It’s free to play – and, boy, do they ever.
By Alexandra Pecharich
It’s the musical equivalent of “If you build it, they will come.” In this case, the exact line should read: If you plunk a piano in the middle of a busy student center, they will play it.
The “they” are mostly young men, non-music majors with a love for the instrument but none to call their own.
So they come in a nearly non-stop procession to tickle the ivories – or bang on the keys, as the case may be – of a public baby grand piano.
Located in the Graham University Center (GC) at the Modesto A. Maidique Campus in a lounge filled with overstuffed modular furniture and sporting an FIU-blue carpet and walls covered with student art, the black beauty attracts students who primarily want to express themselves.
Kevin, the self-taught bio major
“I do it for myself,” says freshman biology student Kevin Hernandez, who has played the trumpet for seven years but began teaching himself piano only months ago. “I don’t want to be a piano player in a band.”
At home he has a 77-key electronic keyboard on which he started playing by ear.
“It does all these fancy tones, all these synthetic sounds,” he says. “But the real thing is always better. When I find a real acoustic piano, I usually play on it.” At FIU, during student orientation, he recalls, “The minute I saw it, I was so happy.”
So he jumps at the chance to practice popular songs such as Lady Gaga’s “Born This Way” and Adele’s “Someone Like You,” with the occasional “Phantom of the Opera” or Beethoven’s “Tempest Sonata,” third movement, thrown in for good measure. Like most of the musicians who lay it on the line in GC, Hernandez plays without sheet music. He does, however, interrupt himself to take cell calls and check his phone for texts, and he regularly stops and starts to replay sections of songs that give him trouble.
The results? Well, um, far from concert quality but definitely better than your little sister’s first recital.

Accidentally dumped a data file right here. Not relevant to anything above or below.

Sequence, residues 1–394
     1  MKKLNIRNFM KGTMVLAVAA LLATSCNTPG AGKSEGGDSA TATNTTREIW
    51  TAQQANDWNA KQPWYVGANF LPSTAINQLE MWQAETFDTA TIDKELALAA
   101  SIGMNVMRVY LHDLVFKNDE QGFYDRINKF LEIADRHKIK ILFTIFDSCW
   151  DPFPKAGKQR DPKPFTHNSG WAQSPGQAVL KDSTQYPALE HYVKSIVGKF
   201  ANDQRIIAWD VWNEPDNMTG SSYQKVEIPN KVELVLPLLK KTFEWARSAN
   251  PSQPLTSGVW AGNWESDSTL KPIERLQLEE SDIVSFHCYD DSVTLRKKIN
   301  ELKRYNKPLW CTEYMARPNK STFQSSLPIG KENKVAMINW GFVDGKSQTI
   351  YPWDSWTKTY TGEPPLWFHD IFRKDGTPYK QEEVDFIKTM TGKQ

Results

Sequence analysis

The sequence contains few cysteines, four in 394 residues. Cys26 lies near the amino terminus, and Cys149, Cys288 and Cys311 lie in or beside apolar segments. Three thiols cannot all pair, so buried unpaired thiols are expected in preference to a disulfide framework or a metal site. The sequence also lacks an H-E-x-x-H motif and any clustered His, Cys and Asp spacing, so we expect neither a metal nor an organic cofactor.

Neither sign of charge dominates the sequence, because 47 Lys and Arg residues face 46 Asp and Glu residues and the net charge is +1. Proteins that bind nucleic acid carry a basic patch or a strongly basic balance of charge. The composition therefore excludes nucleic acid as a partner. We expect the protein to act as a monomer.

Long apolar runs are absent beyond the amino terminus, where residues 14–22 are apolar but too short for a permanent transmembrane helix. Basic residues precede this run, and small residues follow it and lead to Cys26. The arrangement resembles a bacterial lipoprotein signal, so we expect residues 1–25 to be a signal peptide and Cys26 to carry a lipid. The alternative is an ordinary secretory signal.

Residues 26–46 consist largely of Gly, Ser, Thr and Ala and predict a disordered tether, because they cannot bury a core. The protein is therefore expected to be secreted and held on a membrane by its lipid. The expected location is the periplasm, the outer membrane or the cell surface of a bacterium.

FIU’s Got (Some) Talent
“Sometimes, it’s like, ‘You shouldn’t be practicing in public,’” says sophomore Shannon O’Neal of what she hears emanating from the instrument. She is one of the accidental audience of students and occasional professors who congregate in the area to work on laptops, sip Jamba Juice, socialize with friends and take naps. Other times, O’Neal adds, “It’s really good.”
The staff of Orientation and Parent Programs, who work in office space immediately adjacent to the lounge, confirm the mixed bag of skill levels.
“The majority do have talent,” someone says to general agreement. Adds student assistant Kenya Adeola with a smile, “Sometimes they play really pretty songs.” But then she recalls the guy who brought along a guitarist, a saxophonist and singers, and her face clouds over.
And as music often does, the tunes generated at the GC piano have stirred strong emotions. Several months ago, the FIU school newspaper published a story online about a student who reportedly hurled insults and then textbooks at a pianist who played the same three songs over and over again in a seemingly never-ending loop. “His major must be music annoyance,” quipped one witness.
Gabriella, the pre-med pianist
Many observers are hard pressed to recall seeing a female at the keys.
Weeks of stakeouts in the lounge finally yielded a sighting of senior pre-med student Gabriella Guerrero, who started playing piano as a child in her native Ecuador.
The classical music aficionado has no idea why more women don’t sit down at the GC instrument, but she cites a number of reasons for her taking advantage of the opportunity, among them a chance to release “any emotions and stress.” She also references scientific research that playing an instrument can help boost creativity and problem-solving skills.
“I try to keep the music in my life because I know it’s beneficial,” she says. “I play as much as I can. It keeps me sharp for my classes.”
The people’s piano
Ruth Hamilton, executive director of GC and the woman behind the piano, confirmed that the current instrument is the original one purchased for the space in 1997: a Japanese-made Kawai. She thought it would add something to the atmosphere and give students a positive outlet. When she first brought up the idea all those years ago, someone in the School of Music suggested locking away the piano daily at an appointed time to prevent the kind of overuse that requires frequent repairs.
“Are you crazy?” she remembers asking. “It’s going to be left there for the students to play. If we need to fix it every two weeks, we’ll fix it.”
And on that promise, she has made good. Broken pedals and loose keys are repaired as often as needed, sometimes monthly, and tuning for sound quality takes place once per quarter. The bench seat is replaced every year or two as its legs get shaky.
And a custodial worker reportedly caresses the piano daily with a soft cloth. ♦
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